Table 1. Flight Profiles
|Flight #1||Maneuvering flight with head mounted eye tracker on Pilot in Command||Take-off – climb – level flight to Local Flying Area – Constant G (3G and 5G) level turns both sides each – Vertical loop – Barrel Roll – Air to Ground dive attack training missions – Descent – ILS Approach and landing|
|Flight #2||Non – Maneuvering flight with head mounted eye tracker on Pilot in Command||Take-off – climb – level flight to Local Flying Area – Straight and Level cruise with gentle level turns – Descent – ILS Approach and landing|
Our initial approach for eye gaze estimation used feature based approach. We used a method that extracts Histogram of Oriented Gradients (HoG) features combined with a linear SVM to detect eye landmarks. These landmarks were used to compute Eye Aspect Ratio (EAR) feature to estimate the gaze block on the screen. Even though HoG based landmark detection had been used earlier widely, we observed that it occasionally failed to detect landmarks of our users and affected the gaze estimation accuracy. Variations in illumination and appearance of facial features like beard or spectacles could affect tracking accuracy based on pre-selected facial features.
The second approach, Webgazer.js proposes to map the pixel data of eye images directly to gaze locations rather than to rely on handcrafted features from eye images. They used a 6 x 10 eye image patch for each eye and converted them to 120-dimensional feature vector. This vector is used as an input for a regression model to map to gaze points on screen. This approach also relies on multiple eye landmark detection algorithms which suffers similar limitations as HoG based algorithms. Further, this approach requires users to click at least 40-50 locations on screen for calibration purpose before it can make predictions which requires significant time.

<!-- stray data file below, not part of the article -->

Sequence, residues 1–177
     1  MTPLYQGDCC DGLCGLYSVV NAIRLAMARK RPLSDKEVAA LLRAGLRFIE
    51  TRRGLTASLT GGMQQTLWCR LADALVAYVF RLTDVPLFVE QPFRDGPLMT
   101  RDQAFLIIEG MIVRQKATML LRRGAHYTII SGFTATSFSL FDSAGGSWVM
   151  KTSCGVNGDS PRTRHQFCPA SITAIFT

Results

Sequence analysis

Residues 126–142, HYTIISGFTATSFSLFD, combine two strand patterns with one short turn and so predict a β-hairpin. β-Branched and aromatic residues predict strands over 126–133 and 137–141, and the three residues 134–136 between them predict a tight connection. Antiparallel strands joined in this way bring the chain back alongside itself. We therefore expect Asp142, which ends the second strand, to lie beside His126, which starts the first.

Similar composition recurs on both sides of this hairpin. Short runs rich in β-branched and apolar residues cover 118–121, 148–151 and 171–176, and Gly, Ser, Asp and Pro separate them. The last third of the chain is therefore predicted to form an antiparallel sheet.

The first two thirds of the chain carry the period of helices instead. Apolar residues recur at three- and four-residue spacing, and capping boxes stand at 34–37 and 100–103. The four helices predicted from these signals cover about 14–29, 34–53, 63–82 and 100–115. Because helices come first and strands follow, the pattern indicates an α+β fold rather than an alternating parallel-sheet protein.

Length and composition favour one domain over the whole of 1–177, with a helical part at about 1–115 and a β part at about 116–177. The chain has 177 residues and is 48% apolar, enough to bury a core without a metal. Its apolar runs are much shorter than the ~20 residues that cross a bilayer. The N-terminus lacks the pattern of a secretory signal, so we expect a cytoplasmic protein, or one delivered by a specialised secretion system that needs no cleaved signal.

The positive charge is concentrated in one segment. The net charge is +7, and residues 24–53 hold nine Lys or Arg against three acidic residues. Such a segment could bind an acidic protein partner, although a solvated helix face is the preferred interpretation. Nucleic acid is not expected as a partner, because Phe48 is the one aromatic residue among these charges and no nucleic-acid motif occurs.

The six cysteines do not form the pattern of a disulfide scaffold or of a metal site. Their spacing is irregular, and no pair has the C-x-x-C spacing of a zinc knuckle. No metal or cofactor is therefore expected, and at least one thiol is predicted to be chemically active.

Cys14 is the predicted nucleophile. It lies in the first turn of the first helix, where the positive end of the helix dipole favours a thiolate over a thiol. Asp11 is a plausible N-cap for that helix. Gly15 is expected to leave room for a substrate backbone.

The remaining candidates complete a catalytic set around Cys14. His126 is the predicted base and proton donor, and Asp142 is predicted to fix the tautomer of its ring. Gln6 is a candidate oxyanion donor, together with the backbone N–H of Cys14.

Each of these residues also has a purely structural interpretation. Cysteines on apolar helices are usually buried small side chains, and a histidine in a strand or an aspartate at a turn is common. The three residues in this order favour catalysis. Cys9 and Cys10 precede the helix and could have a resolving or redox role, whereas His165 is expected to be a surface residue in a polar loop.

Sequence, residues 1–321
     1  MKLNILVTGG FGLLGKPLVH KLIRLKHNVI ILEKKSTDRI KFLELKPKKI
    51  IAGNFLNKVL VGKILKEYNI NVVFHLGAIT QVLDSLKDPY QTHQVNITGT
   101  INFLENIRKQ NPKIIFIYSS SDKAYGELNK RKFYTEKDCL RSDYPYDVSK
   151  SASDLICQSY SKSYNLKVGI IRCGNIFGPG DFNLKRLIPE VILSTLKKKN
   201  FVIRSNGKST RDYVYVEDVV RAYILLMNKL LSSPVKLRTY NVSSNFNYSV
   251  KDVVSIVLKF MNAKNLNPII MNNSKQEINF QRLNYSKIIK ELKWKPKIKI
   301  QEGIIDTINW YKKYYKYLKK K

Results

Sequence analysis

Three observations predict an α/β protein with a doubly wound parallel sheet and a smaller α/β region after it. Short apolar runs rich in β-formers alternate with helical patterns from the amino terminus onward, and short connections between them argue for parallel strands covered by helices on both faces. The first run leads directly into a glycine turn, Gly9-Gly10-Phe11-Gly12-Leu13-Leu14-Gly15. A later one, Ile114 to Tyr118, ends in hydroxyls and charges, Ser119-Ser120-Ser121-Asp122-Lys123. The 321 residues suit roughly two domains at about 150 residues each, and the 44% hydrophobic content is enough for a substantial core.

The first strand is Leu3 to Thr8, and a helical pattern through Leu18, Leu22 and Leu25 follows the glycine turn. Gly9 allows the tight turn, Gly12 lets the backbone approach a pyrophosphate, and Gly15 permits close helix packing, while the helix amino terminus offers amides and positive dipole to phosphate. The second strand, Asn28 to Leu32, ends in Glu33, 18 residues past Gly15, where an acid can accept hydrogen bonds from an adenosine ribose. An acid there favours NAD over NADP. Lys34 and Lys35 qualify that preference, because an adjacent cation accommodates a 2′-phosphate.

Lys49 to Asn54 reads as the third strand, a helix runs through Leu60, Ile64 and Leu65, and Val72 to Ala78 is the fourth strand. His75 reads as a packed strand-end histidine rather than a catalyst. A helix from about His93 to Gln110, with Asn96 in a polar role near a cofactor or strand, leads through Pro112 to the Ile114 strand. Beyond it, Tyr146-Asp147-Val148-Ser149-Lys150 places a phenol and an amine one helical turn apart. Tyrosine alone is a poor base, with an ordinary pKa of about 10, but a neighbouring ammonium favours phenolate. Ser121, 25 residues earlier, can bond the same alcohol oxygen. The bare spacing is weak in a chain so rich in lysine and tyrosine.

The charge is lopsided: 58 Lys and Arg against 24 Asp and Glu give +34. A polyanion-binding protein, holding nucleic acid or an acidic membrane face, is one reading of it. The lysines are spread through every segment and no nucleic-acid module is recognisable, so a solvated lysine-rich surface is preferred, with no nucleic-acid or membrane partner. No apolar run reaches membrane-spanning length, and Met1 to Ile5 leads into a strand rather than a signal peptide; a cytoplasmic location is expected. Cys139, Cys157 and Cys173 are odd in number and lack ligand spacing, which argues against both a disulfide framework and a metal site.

OpenFace uses a state-of-the-art deep learning approach for landmark detection and gaze estimation. It uses Constrained Local Neural Field (CLNF) for eye landmark detection and tracking. Unlike HoG and Linear SVM approach, which was based on handcrafted features and trained on a relatively smaller dataset, OpenFace uses larger dataset and deep learning approach to learn the estimation of 3D gaze vector from the eye images. Even though OpenFace is not very accurate in predicting gaze points on screen, it does not suffer from illumination and appearance to detect eye landmarks. Further, OpenFace was implemented in C++ which makes real-time gaze estimation possible even on CPUs. In addition to these, the reported state-of-the-art cross-validation accuracy prompted us to test for a gaze block detection application.
It may be noted that the response times were lowest for the COTS tracker compared to webcam-based approaches. The COTS tracker used on board ASIC chip to run image processing algorithms, which has lower latency than general purpose processor used in webcam-based eye trackers . It may be noted that still the difference in response times was not significant inside room between COTS and intelligent tracker. Our future work is investigating to further reduce the latency and make eye tracking work in bright lighting condition. This paper presents a case study of testing and development of bespoke eye gaze tracker for operating Head Down Displays in an aircraft cockpit. Our study showed that present COTS eye gaze trackers are not yet ready to be integrated to combat aircraft in terms of tracking eye gaze at different lighting conditions and vertical field of view. We presented a set of algorithms that can be configured for operating multi-function displays inside cockpit and a particular intelligent algorithm using the OpenFace framework worked better than classical computer vision based algorithms.
Link to the presentation video: https://drive.google.com/file/d/1SLjsTOhP0SPq8Ysf83PHRXwY9t0Q-oqp/view?usp=sharing
Link to the paper: DOI: 10.13140/RG.2.2.33700.30082
Presented in the EUROPEAN TEST AND TELEMETRY CONFERENCE (ETTC) – 24 June 2020 (ONLINE)